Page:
According to a 2000 study published in the British Medical Journal, researchers in Australia and New Zealand reported that sleep deprivation can have some of the same hazardous effects as being drunk.[84] People who drove after being awake for 17–19 hours performed worse than those with a blood alcohol level of 0.05 percent, which is the legal limit for drunk driving in most western European countries and Australia. Another study suggested that performance begins to degrade after 16 hours awake, and 21 hours awake was equivalent to a blood alcohol content of 0.08 percent, which is the blood alcohol limit for drunk driving in Canada, the U.S., and the U.K.[85]

The fatigue of drivers of goods trucks and passenger vehicles has come to the attention of authorities in many countries, where specific laws have been introduced with the aim of reducing the risk of traffic accidents due to driver fatigue. Rules concerning minimum break lengths, maximum shift lengths, and minimum time between shifts are common in the driving regulations used in different countries and regions, such as the drivers' working hours regulations in the European Union and hours of service regulations in the United States.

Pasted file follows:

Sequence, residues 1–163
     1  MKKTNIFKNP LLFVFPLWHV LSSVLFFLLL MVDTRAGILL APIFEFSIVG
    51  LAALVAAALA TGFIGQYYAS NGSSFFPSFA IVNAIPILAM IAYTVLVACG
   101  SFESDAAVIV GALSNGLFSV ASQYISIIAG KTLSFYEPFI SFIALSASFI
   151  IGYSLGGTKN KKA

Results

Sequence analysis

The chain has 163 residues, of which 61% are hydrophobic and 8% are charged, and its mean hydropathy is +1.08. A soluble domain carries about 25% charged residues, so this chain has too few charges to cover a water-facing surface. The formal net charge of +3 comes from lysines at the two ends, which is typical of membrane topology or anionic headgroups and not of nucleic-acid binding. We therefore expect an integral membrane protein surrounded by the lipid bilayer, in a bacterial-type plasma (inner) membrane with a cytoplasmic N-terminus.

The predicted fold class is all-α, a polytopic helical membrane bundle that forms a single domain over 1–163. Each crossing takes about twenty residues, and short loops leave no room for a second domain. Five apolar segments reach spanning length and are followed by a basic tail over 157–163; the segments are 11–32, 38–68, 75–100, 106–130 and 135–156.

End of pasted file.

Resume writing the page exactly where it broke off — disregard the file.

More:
The Exxon Valdez Oil Spill was the second largest oil spill in United States waters, after the 2010 Deepwater Horizon oil spill. This accident occurred when an Exxon oil tanker struck a reef at Prince William Sound in Alaska. Approximately 10.8 million gallons of oil spilled into the sea. The accident caused great environmental damage, including the deaths of hundreds of thousands of birds and sea creatures. Fatigue and sleep deprivation were the major contributors to the accident. The captain of the ship was asleep after a night of heavy drinking; he was severely fatigued and had been awake for 18 hours. The entire crew was suffering from fatigue and inadequate sleep.[86]



Sleep deprivation and disruption is associated with subsequent fatigue. [87][88]

Sleep transition


Sleep propensity (SP) can be defined as the readiness to transition from wakefulness to sleep or the ability to stay asleep if already sleeping.[89] Sleep deprivation increases this propensity, which can be measured by polysomnography (PSG) as a reduction in sleep latency (the time needed to fall asleep).[90] An indicator of sleep propensity can also be seen in the shortening of the transition from light stages of non-REM sleep to deeper slow-wave oscillations.[90]